Olmert Takes Responsibility for Israeli Offensive

Associated Press
Monday, August 14, 2006; 10:25 AM

JERUSALEM (AP) -- Prime Minister Ehud Olmert said Monday he takes sole responsibility for the war against Hezbollah in Lebanon and asserted that the fighting had shifted the strategic balance against the guerrillas.

In a speech to parliament hours after a U.N. brokered cease-fire took effect, Olmert said the agreement eliminated the "state within a state" run by Hezbollah, and restored Lebanon's sovereignty in the south.

Olmert's statement to the Knesset was his first since the early days of the war, which broke out July 12.

With the cease-fire, the unity that governed Israeli politics was expected to quickly fracture. Three Knesset members were ejected from the parliament during Olmert's speech for heckling, and several others had called for a commission of inquiry into the offensive.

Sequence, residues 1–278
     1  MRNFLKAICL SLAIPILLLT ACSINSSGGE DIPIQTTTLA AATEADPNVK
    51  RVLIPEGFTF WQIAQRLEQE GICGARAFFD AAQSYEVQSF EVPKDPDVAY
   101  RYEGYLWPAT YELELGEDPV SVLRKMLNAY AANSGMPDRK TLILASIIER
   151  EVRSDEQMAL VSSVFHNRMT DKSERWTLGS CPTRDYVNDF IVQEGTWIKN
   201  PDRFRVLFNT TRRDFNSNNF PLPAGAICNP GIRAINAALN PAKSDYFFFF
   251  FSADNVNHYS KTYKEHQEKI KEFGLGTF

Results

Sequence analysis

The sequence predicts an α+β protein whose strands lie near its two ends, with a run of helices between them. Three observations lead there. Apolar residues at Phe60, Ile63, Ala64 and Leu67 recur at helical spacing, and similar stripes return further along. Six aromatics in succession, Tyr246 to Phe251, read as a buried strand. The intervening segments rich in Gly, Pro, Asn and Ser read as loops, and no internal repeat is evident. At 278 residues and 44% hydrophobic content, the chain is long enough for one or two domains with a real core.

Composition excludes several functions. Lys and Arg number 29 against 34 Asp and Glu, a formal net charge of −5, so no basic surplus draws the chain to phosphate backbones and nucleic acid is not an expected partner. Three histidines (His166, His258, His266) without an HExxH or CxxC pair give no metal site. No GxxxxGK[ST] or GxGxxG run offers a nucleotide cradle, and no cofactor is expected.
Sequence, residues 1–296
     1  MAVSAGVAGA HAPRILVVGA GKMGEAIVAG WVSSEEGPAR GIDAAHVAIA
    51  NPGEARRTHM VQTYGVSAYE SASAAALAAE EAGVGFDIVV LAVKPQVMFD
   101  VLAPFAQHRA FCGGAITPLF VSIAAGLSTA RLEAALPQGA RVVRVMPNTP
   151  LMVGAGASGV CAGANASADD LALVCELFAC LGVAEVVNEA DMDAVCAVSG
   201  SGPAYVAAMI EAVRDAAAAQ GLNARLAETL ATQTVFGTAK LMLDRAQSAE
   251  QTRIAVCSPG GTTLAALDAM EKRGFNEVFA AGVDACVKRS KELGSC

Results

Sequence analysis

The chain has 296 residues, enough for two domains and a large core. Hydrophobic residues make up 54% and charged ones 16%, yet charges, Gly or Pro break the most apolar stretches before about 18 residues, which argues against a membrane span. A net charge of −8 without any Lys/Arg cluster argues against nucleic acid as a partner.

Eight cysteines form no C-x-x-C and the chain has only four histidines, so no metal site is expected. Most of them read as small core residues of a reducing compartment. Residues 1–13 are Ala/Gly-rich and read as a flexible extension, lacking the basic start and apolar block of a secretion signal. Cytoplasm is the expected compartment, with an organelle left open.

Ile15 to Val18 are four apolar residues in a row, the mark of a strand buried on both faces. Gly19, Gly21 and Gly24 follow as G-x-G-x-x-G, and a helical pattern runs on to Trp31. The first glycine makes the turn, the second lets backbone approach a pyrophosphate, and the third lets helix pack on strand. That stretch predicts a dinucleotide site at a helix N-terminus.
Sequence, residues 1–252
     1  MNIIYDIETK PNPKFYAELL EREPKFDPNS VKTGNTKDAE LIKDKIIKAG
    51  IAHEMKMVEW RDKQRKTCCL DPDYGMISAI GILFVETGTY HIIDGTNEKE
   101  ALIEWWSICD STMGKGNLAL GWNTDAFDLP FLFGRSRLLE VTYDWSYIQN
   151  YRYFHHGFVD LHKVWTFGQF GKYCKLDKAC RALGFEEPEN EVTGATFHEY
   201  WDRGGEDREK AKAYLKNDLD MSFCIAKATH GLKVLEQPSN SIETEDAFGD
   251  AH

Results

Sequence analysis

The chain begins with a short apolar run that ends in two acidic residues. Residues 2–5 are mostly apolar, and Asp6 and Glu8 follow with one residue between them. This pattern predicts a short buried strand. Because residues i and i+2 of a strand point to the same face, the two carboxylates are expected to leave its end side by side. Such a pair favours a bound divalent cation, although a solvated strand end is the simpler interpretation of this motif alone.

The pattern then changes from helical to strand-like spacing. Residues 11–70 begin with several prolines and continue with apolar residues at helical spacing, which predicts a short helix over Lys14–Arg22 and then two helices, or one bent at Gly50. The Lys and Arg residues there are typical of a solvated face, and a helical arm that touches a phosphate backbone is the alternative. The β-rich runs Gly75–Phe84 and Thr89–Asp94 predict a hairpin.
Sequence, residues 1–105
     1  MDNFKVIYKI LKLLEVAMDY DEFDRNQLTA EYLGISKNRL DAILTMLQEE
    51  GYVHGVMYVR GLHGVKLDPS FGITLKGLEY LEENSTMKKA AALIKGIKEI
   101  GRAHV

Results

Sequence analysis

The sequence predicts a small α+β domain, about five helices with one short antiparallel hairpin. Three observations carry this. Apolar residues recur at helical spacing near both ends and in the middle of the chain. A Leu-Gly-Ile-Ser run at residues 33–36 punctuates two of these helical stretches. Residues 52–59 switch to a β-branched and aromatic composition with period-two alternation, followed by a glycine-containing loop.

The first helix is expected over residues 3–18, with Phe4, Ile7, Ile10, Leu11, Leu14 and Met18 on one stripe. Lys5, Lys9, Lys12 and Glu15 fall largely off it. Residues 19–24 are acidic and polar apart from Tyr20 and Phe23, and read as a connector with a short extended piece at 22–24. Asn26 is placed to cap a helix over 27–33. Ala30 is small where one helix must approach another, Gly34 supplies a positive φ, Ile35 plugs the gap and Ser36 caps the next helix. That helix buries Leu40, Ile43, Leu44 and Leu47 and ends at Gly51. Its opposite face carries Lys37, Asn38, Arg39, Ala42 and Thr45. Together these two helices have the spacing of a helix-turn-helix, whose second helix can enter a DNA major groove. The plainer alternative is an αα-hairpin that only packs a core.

Following Olmert's speech, Benjamin Netanyahu, head of the opposition Likud Party, said there were many failures in the war. With scores of soldiers and civilians killed in the 34 days of fighting, Olmert acknowledged there were "deficiencies" in the way the war was conducted.

"We will have to review ourselves in all the battles," he said. "We won't sweep things under the carpet."

Anticipating that another war with Hezbollah may come in the future, he said Israel will learn the lessons of this war and "do better."

Olmert said the fighting brought a change in the strategic balance in the region, to Hezbollah's disadvantage. The militia's vast storehouse of weapons was mostly destroyed, and its self-confidence undermined, he said.

"We will continue to pursue them everywhere and at all times," he said. "We have no intention of asking anyone's permission."

He advised patience for his critics who believe that the war fell short of Israel's original goal of dismantling Hezbollah. "We don't plan to apologize," he said.

Olmert also promised to do everything he could to win the return of two Israeli soldiers captured by Hezbollah on July 12 in an attack that triggered the war.

© 2006 The Associated Press